The “erroneous interpretation” was not a result of outside commentators. It was AA’s own interpretation. One has to assume it to be true, because AA has zero interest in manipulating data against itself. They also say that nobody has bothered to examine the source data for this interpretation, but that is because AA will not provide it.
They go on to say:
[what the data] “shows is that those who stay beyond three months are active a year later”.
This is true, but so what? This is like saying – “those who finish the first ten miles of a marathon are more likely to make it all 26 miles” or “cancer patients who survive the first six months are more likely to survive for a year”. This is how they drew their conclusion – by eliminating those who failed in the first quarter of the year. You can’t pick a time period that suits you and lop off those who failed in the first three months as though they don’t exist. This is what I mean by “taking what you want and leaving the rest” in order to demonstrate AA’s effectiveness.
They then go on make the stunning admission that Bill Wilson’s claims a 75% success rate is bullshit. On this nobody disagrees. Finally, they pull the old “those who fail really don’t try” routine out their ass again:
“Since AA’s beginning, about 60% to 80% of those who show up at AA meetings observe but do not really try AA. They engage in investigation but not participation. Many are simply uninterested or unaware that AA can help them. That others are not seeking a solution in AA may well be a function of their intrinsic nature of being averse or unable to admit what they are, recognize how their life is unmanageable and being willing to do something about it.”
To begin with, the 60-80% figure is arbitrary. It’s like saying 60-80% of the people were funny or good looking. What they are simply doing is eliminating a group of failed AAers to elevate their success rate. This goes along their attitude that “the program cannot fail, but some fail the program” logic. Secondly, if we were to pluck 100 alcoholics off the street, a lower percentage of that group would be motivated to quit drinking, because people who are motivated to quit drinking go to AA meetings. The same way that you will find a higher percentage of fat people at Jenny Craig wanting to lose weight than you would find if you randomly selected fat people at a mall. Those who are motivated to lose weight go weight loss clinics, just as those motivated to quit drinking show up at AA meetings. So, even though a greater number of AA participants are motivated to quit drinking, they have exactly the same 5% percent quit rate as a randomized selection of alcoholics. This might explain why one study found a negative correlation between AA and quitting drinking.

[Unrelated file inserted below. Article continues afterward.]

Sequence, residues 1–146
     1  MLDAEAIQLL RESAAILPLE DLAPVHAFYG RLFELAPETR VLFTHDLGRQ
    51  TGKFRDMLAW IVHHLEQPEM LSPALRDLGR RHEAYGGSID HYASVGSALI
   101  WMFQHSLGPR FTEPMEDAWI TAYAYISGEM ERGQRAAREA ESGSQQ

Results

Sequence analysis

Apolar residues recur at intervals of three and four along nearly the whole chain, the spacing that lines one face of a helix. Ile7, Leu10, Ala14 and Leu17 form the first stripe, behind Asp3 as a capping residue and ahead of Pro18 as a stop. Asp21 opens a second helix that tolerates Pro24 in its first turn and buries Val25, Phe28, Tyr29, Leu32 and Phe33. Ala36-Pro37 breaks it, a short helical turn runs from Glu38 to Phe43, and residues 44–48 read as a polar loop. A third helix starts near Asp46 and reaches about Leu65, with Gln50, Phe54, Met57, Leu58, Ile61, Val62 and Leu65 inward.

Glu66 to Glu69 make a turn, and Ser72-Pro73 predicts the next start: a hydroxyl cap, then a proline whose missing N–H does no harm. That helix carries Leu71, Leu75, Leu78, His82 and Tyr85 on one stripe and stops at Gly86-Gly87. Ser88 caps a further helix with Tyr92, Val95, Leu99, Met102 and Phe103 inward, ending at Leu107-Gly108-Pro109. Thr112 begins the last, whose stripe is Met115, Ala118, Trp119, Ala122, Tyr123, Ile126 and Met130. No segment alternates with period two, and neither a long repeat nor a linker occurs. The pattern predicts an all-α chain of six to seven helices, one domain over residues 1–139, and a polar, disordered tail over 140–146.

This paper is just a horrifically bad, manipulative piece of work. No real academic would take it seriously, but still has made its way around the circles of AA meetings and internet AA forums. So, even if it was an accurate review, the very people who say statistics don’t matter are using this as an example of AA’s effectiveness. To hell with the many randomized clinical trials, all showing AA to be ineffective when compared to a control group. They are going to cherry pick a manipulated paper to prove their worth, and disregard every legitimate study that proves otherwise. They are going to put blinders on and believe what they want to believe, and worse, promote their pseudoscientific nonsense to others who really need help.